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Surviving Suicide

After You Lose Someone You Love...

My brother Blair and I at his 24th birthday gathering.   

So it has been precisely one year, three months, and sixteen days since my younger brother hung himself in his apartment on a sunny day in late July. Right now as I start writing this, I am listening to a cover of "Wish You Were Here" by Pink Floyd. I do wish you were here. I think about you every single day. The depression and PTSD I have developed since your death make sure I remember you in the most painful of ways. I remember your voice as I hear it in my head, but it feels like it hits my eardrums like actual sound, I turn to my friend who looks at me questioningly because no one has said anything as I ask "Yah, what?" 

The saying "Had I known then what I know now" never rings truer than it does in reference to the guilt of surviving the suicide of someone you love. I remember my brother being so lonely and wanting company, to which I would always reply, "Why don't we get out into the sun and do something?" or "Why don't you come over to my place?" Never fully understanding how his depression made it impossible for him to leave the house. I had never experienced depression in my life and I had no idea the extent to which it affected him. Now, since his death, I have been diagnosed with clinical depression, and it's only too late I comprehend what it is he was going through: the crippling weight of your own mind turning on itself as your previous sense of self-worth deteriorates to nothing, and you can barely bring yourself to get out of bed let alone the house. 

Grief therapy has taught me that the pain of losing my brother will never go away. It's true, I just find newer and more interesting ways of hiding or coping with the pain. I feel robbed. I felt like half a person for at least a year after he died. We were a duo. My mom's kids, he was the Sammy to my Dean. Now I have to deal with the fact that I am now an only child. For a month straight, I had chronic nightmares where I would be frantically looking for my brother or looking for my brother's possessions in my dreams hoping to find something, anything to hang onto, and as I woke, it all slipped through my fingers as it always did, leaving me feeling even emptier than I had before I had fallen asleep.

Blair and I, Halloween 2015.

I now live in my brother's apartment (yes, where it happened), and every day I wonder how hard it will be for me to leave this place. To allow another human being to invade a space that was once his. Even if he hated the place. I smell his cologne in the most random and impossible places, and it's the only thing I have that makes me question my cynicism in regards to the afterlife. I don't believe he hangs around; he hated to be here alive. I don't imagine he would want to linger for my benefit after death. My more optimistic friends and family like to tell me that he is around, if not in person then in spirit, as if it should comfort me to think so. I don't know if I find comfort in thinking that my brother is around watching me cry so hard I can't catch my breath as I hug his jacket with the cologne he wore on it.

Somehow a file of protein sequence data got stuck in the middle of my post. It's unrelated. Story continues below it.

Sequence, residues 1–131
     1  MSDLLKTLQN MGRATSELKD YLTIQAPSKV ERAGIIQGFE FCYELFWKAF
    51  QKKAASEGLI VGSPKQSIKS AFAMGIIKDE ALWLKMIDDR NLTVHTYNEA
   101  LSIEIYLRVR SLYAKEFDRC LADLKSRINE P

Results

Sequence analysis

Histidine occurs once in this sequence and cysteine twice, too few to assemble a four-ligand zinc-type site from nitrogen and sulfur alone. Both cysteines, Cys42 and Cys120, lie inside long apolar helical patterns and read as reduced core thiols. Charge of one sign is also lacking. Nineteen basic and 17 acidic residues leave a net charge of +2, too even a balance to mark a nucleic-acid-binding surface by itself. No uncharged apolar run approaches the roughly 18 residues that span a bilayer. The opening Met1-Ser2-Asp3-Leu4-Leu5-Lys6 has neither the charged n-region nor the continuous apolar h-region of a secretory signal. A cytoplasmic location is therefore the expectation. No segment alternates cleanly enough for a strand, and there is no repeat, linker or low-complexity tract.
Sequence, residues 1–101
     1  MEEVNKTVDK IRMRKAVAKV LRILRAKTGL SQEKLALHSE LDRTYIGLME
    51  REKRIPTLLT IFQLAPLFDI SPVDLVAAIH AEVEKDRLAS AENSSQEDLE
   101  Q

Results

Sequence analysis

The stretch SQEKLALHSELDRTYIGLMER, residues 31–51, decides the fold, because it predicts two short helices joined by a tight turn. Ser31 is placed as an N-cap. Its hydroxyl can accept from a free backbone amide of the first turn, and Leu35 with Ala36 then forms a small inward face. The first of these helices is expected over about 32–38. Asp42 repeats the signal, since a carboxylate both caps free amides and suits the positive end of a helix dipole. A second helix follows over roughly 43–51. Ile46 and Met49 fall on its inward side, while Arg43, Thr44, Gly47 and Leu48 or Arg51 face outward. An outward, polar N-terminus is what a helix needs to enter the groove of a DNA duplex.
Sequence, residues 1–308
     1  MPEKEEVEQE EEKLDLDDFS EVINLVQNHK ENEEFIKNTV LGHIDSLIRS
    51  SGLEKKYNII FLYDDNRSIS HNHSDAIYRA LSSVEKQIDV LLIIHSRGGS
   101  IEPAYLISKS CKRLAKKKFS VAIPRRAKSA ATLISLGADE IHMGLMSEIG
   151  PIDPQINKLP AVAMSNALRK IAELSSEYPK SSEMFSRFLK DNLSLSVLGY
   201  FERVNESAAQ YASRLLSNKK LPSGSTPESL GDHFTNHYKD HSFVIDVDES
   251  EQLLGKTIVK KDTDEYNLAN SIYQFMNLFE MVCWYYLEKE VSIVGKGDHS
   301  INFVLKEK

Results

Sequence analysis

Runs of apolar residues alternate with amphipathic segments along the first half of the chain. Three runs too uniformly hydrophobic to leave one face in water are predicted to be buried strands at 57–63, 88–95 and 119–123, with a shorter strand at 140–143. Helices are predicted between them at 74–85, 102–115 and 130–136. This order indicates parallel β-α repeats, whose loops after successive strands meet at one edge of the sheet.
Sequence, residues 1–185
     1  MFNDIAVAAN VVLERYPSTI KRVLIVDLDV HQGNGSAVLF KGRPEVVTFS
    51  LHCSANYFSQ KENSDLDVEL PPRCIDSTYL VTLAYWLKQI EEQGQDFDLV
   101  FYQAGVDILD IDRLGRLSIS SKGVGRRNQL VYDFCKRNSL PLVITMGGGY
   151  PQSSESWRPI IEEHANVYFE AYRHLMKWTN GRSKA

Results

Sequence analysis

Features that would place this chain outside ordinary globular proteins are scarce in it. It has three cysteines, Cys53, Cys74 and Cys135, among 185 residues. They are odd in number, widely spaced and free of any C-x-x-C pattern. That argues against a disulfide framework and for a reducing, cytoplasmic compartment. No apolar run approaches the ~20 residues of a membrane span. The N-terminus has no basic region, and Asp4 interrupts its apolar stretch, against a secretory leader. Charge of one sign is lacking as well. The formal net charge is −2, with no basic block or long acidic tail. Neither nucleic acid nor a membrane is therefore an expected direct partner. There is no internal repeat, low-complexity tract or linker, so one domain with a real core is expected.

People like to try to avoid discussing Blair around me like it will set me off or cause a mental breakdown when really all I want to do is talk about him like he's still here. It's one of my coping mechanisms, never referring to him in the past tense. It may be an unhealthy way to cope, but I really don't care. I think my mom put it pretty well when she said that I am afraid of forgetting him. I know I won't ever forget him, but I fear forgetting the exact sound of his voice or his laugh or the weird quirky ways he carried himself. So when I have flashbacks or nightmares, I submerge myself as much as I can for as long as I can in order to suck up all the details my mind can put out for me. This is definitely an unhealthy coping mechanism, but again, I don't really care. 

I am at a point in my recovery where I am doing much better, fewer breakdowns in public. I have the odd day where I can't stop crying and refuse to leave the house, but it slowly gets less and less. The incidents, not the pain. That remains the same. The only positive advice I can give to anyone who may be going through a similar situation is that the pain doesn't get easier to deal with, but the more you have to deal with, the stronger you get. So for now, I will continue to live with the memories of my brother (and sometimes the happy ones hurt more than the sad ones). I am doing my best to carry on because I know he would expect it of me. 

I feel like I'm still living in the past with my dead brother because a future without him is too painful to accept, but as I start to deal with everything on my plate in regards to the issue, I can feel my grip on the past slowly letting go. Even if I'm not ready to completely let go now, I know the day will come, and I hope the people around me, and especially myself, will have the patience to see it through.

Until then I can only hope that my brother has found the peace in death he so eagerly wanted in life and that I will see him again and look back on all of this like a lesson and not a curse. 

Life asked Death, "Why do people love me but hate you?" to which Death replied, "Because you are a beautiful lie and I am a painful truth."

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